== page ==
Wednesday, May 16, 2012
As previously mentioned, in a previous composite reality that has since been wiped clean by another cosmic crisis in the DC Comics universe, the merging of several parallel planets led to the incorporation of the Mighty Crusaders of Earth-MLJ and the Action-Heroes of Earth-Four, twin teams originating in Archie and Charlton Comics. As such, although the concepts were still there at their core, they were radically revised to incorporate modern sensibilities and to water down their impact on their world.
The reason for the former was that, for instance, having a guy known as the Web simply being a criminologist wasn't enough... he had to be a blending of Tony Stark/Peter Parker, and similarly with Captain Atom... he needed to ditch the conventional costumes of his silver age incarnations for a shiny skin and sassy style. And the reason for the latter is that this world already had their premier superhero team, the Justice League, and their original team of mystery men, the Justice Society. These guys couldn't outshine DC's finest of the past and present, so they both were made into essentially G-Men working as federal agents when the need arose, which was seldom it seemed. For the original Shield and Captain Atom, that worked since they were government agents as it was and in their own worlds they had plenty to do, setting the tone for their fellow fabulous folk to follow. Sadly but logically, neither the Crusaders nor the Sentinels of Justice could get much traction in this scenario.
Thankfully, with a new DCU now in existence this sad state has been wiped clean, at least for the Crusaders who return to their native world to pickup where they left off welcoming in a new generation of heroes... who look to them as their "Justice League" or "Society". If only the good Captain and his costumed crew could say the same, since they remain on a world not their own and one that will never treat them as they should be treated. However, glimmers of Earth-Four where the Sentinels of Justice operated can still be found through the Multiverse!
Tuesday, May 8, 2012
The Avengers weren't the first... as in a superhero team movie. The X-Men franchise and the Watchmen movie had glimmers of this concept perculating throughout their various tales. However, the Avengers cemented how divergent heroes can unite for a common cause with nothing bonding them save for equal parts tenacity and talent. Not a mutant-tie nor a mystery-tie... but the true tie that binds... heroism in the face on indominable odds. While we can dream that Charlton's Action-Heroes and Archie's Mighty Crusaders may someday grace the silver screen with their presence, nothing can match what transpired when Marvel Comics' Sensational Sextet saved their world!
As for a battle between this triad of terrific teams:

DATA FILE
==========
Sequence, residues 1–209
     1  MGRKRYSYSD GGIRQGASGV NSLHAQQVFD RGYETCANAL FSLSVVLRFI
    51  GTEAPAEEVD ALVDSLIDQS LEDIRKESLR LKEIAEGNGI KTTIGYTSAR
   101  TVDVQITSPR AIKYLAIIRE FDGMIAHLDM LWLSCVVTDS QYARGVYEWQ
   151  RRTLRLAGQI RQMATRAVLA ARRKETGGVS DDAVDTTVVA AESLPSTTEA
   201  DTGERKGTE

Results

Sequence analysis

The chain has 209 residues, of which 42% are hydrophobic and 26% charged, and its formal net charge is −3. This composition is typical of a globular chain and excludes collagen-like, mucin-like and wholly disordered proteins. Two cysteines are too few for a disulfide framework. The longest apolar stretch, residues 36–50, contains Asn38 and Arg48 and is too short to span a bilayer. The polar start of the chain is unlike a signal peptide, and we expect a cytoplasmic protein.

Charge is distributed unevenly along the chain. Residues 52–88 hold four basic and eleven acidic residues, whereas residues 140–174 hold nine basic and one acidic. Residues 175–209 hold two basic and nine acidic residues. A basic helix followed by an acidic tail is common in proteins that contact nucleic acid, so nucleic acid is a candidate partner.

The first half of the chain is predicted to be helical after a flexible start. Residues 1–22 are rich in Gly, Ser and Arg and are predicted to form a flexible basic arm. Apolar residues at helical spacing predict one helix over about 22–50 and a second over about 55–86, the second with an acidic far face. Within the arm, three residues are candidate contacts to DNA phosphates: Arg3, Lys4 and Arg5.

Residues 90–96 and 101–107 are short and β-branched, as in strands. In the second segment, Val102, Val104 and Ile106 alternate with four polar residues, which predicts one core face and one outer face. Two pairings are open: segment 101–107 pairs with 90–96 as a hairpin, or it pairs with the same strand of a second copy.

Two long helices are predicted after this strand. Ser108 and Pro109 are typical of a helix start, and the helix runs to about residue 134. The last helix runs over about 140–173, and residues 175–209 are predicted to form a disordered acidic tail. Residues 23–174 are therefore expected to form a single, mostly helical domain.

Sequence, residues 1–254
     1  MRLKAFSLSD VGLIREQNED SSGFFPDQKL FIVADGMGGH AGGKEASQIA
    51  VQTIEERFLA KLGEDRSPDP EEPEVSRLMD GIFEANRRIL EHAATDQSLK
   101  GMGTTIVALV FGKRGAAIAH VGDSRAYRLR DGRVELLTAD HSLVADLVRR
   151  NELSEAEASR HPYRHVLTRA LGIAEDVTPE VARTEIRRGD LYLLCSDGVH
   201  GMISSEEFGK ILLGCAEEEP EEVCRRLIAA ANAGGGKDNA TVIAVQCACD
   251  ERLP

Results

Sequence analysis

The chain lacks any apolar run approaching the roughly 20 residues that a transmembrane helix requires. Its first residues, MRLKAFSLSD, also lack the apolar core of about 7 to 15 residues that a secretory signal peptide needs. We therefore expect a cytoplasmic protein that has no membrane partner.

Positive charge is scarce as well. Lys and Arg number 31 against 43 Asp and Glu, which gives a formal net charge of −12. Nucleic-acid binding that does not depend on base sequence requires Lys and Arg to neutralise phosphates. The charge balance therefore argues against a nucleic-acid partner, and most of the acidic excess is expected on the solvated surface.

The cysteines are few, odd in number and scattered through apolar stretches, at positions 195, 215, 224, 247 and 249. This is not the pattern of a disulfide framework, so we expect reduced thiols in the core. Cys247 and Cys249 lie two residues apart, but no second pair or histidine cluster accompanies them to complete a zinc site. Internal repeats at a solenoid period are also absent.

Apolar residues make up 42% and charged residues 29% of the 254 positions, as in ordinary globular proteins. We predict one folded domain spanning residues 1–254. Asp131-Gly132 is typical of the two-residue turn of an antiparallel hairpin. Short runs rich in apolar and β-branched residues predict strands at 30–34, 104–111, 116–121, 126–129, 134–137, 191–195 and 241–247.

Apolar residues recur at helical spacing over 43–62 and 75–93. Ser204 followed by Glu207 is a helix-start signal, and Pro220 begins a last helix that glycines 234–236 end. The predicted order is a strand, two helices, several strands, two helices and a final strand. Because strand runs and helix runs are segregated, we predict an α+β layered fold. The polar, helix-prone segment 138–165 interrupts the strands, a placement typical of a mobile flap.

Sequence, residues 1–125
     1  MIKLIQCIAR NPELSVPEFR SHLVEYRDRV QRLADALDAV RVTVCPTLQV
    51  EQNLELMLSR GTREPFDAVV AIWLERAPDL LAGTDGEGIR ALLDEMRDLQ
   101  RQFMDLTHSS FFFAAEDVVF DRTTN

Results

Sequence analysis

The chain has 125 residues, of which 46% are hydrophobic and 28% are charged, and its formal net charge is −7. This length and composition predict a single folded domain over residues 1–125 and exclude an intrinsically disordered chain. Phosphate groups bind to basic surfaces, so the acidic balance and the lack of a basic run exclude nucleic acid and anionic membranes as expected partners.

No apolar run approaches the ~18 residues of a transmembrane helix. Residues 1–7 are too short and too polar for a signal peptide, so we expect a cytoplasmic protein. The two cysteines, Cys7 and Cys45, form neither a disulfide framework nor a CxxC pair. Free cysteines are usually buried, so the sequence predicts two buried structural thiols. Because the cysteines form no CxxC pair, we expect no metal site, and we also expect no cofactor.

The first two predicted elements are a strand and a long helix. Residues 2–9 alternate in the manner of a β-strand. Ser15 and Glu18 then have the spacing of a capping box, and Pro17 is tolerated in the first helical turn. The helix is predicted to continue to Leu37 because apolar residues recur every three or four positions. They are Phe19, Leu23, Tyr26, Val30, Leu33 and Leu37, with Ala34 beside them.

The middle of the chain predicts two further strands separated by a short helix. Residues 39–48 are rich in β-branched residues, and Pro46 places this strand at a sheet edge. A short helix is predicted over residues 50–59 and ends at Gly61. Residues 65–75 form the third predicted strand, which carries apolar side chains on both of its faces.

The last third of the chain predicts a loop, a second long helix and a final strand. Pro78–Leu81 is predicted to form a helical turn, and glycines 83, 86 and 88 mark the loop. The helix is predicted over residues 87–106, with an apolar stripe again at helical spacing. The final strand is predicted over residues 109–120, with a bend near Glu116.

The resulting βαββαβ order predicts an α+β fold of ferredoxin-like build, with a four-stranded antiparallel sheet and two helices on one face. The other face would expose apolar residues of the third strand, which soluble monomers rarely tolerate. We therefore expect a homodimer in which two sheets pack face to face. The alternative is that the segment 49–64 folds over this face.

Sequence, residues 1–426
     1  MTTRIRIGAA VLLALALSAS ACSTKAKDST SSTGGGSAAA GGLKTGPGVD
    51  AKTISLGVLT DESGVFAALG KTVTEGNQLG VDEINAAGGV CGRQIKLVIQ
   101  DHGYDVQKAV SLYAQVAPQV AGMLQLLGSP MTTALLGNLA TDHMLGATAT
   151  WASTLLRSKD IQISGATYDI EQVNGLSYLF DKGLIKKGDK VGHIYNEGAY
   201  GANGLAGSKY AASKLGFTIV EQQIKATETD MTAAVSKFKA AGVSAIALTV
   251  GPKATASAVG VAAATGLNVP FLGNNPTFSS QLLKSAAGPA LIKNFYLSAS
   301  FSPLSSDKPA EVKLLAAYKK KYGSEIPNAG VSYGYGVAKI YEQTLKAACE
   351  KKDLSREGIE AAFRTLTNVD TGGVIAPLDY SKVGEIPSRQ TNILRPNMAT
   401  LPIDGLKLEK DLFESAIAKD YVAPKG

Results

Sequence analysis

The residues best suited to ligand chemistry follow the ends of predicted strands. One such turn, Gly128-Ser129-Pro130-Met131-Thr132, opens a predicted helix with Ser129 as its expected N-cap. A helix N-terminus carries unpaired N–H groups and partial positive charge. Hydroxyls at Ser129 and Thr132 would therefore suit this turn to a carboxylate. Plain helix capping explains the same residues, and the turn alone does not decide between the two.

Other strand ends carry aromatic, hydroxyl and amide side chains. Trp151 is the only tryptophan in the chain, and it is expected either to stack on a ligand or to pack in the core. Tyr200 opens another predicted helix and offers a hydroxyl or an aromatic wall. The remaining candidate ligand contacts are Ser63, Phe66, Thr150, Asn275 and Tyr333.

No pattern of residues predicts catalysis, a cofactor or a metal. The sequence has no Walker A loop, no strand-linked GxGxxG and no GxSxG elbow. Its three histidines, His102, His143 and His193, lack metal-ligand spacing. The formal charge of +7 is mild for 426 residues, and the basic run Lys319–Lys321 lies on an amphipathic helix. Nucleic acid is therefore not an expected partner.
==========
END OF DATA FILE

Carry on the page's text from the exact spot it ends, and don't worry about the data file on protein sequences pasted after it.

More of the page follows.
- Black Widow takes fellow female agent Nightshade, while Fly Girl would aptly avoid her web.
- Thor would overwhelm Son of Vulcan and Jaguar, despite their might, given his experience.
- Iron Man would more than match the equally tech-savy Peacemaker and Comet... combined!
- Hulk's gamma-irradiated strength would overwhelm Captain Atom and Lancelet Strong.
- Hawkeye would have the jump on the keen-eyed Blue Beetle and Fly, if only for the moment.
- Captain America would have difficulty with Shield but not so much with Judomaster.
- Oh, and Nick Fury would laugh in the face of Peter Cannon and the Web... "ant... boot"!
Friday, May 4, 2012
Tuesday, May 1, 2012
Above: Excellent cover by Alex Wright. Below: Sarge's Sentinels
File this away in the "what if" folder for our Crusaders and Sentinels. Comprising the "other" publishers during the successful silver age of comics, both the Archie-heroes and Action-Heroes attempted to find a niche for themselves. Without sustained success.
For the Crusaders, the quickly devolved into a derivative more mimicing Marvel's Avengers, and to some extent DC's golden age All-Stars of the Justice Society. Despite having several characters that were the first in respective manners during comic's golden age and some potential promise in their newer crop of characters, Radio/Archie leaned heavily upon what worked for others instead of what would separate them as special.
For the Action-Heroes during their pre-Sentinels days, they were truly original and their tales were at times unique. Yet the dramatic departure of their plot elements and narrative style became a bit to impalatable for the young readers they were trying to entice. As a result, they folded almost as quickly as they had first appeared.
When both were reinvented in the 1980's, the Crusaders and the new Sentinels of Justice once more fell into form as "Justice League" and "Avengers" wannabes, even moreso than they had been decades earlier. Only when both were acquired by DC Comics were they given the opportunity to fully depart from the "team" template of the "Big 2" publishers, leading to substantial runs for their individual members. Ironic!